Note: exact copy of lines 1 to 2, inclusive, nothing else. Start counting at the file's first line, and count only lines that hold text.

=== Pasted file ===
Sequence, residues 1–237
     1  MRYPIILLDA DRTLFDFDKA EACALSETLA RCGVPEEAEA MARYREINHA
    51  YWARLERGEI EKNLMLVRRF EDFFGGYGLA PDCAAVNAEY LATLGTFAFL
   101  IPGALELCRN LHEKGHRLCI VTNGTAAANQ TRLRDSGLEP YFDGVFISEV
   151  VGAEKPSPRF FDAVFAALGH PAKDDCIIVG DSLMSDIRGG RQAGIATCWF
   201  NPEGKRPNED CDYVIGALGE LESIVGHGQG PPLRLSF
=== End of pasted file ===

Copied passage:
Sequence, residues 1–237
     1  MRYPIILLDA DRTLFDFDKA EACALSETLA RCGVPEEAEA MARYREINHA